Kala=Time-Kalandar-Kalak; Modern Calendar Anomaly Explained thru Linguistics

The Calendar Anomaly. Why do the Months named as the 7th, 8th, 9th and 10th months not match their numerical positions in the Modern Calendar?

September=the 7th month
October=the 8th month
November=the 9th month
December=the 10th month
70 leaves of birch bark that make up the Bakhshali manuscript Bodleian Libraries, University of Oxford. The Bakhshali manuscript contains the earliest known Indian use of a zero symbol. It is an ancient Indian mathematical text written on birch bark that was found in 1881 in the village of BakhshaliMardan (near Peshawar in present-day Pakistan). It is perhaps “the oldest extant manuscript in Indian mathematics. C. 235 AD

In the word Calendar we once again see an example of almost pure Sanskrit. Calendar (Kalandar) and Clock (Kalak) both come from the word Kala the Sanskrit word for Time. When we apply this same Sanskrit as a linguistic archaeological tool to our modern calendar, an anomaly is revealed.

In our modern calendar we have 12 months. According to this calendar, January to August represent the 1st to the 8th months. Next we find ourselves in September the 9th month, October the 10th month etc.

Yet when we translate the actual words September, October, November and December we find that we are dealing with numbers.

  • Sapta is Seven as in Sapta-Sindhu=7 rivers
  • Octa is Eight as in Octagon                          
  • Nava is Nine as in Nava Ratna=Nine Gems
  • Dasha is Ten as in Decimal.

Thus while September is now the 9th month, its very name reveals that it was originally Sapta, the 7th month of the year. The same holds true for October, November and December. Language reveals the puzzle and History provides the answer.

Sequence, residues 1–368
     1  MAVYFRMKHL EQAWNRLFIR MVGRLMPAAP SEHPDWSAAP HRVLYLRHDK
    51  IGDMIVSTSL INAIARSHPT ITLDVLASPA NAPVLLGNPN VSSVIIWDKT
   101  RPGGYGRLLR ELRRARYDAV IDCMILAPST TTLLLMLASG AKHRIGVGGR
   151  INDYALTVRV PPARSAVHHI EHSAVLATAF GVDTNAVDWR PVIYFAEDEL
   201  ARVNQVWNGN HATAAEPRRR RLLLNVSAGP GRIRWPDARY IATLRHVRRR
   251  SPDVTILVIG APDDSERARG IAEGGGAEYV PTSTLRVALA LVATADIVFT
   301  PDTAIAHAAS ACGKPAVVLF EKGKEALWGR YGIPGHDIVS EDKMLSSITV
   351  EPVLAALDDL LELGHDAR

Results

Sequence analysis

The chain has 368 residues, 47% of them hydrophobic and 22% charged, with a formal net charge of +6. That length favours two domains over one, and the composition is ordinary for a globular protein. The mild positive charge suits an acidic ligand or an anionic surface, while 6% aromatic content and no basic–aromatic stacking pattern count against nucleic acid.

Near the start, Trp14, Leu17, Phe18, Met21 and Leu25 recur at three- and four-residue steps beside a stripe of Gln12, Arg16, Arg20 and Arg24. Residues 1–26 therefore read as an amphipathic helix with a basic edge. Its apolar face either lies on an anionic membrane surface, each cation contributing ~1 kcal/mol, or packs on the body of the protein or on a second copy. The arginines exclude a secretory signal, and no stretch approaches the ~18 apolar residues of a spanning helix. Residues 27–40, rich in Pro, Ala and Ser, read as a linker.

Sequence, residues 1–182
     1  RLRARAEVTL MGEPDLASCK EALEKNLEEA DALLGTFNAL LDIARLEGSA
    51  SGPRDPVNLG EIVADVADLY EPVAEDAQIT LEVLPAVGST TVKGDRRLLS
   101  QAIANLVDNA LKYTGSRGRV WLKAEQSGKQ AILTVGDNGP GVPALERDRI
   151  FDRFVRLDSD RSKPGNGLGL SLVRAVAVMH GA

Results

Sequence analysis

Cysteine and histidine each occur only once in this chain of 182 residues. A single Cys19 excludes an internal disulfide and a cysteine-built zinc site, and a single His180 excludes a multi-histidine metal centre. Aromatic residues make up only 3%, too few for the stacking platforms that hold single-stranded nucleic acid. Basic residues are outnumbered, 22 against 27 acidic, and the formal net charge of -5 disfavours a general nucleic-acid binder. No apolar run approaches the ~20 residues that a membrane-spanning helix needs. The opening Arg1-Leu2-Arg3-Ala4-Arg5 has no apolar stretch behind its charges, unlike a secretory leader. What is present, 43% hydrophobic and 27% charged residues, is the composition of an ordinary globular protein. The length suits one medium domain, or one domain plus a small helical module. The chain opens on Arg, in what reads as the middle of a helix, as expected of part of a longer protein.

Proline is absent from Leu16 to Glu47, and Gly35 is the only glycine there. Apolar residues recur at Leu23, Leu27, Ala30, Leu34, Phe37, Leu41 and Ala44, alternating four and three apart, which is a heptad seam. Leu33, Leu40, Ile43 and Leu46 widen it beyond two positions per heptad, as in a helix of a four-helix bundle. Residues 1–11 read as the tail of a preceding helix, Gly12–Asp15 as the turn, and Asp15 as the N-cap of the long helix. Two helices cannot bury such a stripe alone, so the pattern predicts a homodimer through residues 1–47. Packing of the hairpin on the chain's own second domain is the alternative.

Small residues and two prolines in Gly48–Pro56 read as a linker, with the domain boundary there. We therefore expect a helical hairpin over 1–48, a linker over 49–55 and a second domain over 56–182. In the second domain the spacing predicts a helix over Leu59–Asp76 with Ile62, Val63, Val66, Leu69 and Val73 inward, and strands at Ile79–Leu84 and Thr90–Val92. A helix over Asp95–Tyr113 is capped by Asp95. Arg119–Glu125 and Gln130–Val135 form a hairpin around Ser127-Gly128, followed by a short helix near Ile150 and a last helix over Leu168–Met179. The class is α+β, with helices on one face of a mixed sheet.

Ancient Roman mosaic representation of the Calendar Months found in North Africa

We inherited the modern calendar from the Romans. It was the Romans that added the months of July and August over 2000 years ago. ‘After Caesar’s death, the month Quintilis was renamed July in honor of Julius Caesar in 44 BC and, later, Sextilis was renamed August in honor of Roman Emperor Augustus in 8 BC.’ How did the Months get their names? Almanac.com

The most significant change was the addition of the two months of January and February to the original 10-month calendar. The original calendar consisted of only 304 days and was followed by an unnumbered period of winter. However, the two months were added between December and March

Despite the changes made to the calendar, the original template remains. However it requires the application of linguistics and and the accurate historical contexts to be understood. Fortunately with a combination of Linguistic Archeology and Traditional Roman testimonials the truth can be revealed.

Without the linguistic, cultural and historical clues, the Calendar Anomaly would remain unknown, what to speak of unsolved?

Though our modern calendar no longer reflects the original meanings of the months, the very names of these months inform us of their original placement. We can thus identify the calendar as it was thousands of years ago. Linguistic Archeology in effect!

Encoded within the names of these months is a forgotten legacy that can be revealed through the Sanskrit language. In the same way, all the answers to the mysteries of our past can be discovered. Again and again key elements that make up the very basis and fabric of ancient civilization remind us of our common global heritage.

It behooves us to begin extensive, intensive onsite investigations into this important field of research. The entire world will be benefited by the cataloging, deciphering and preservation of these many astounding reminders of the World’s Ancient Vedic Heritage.

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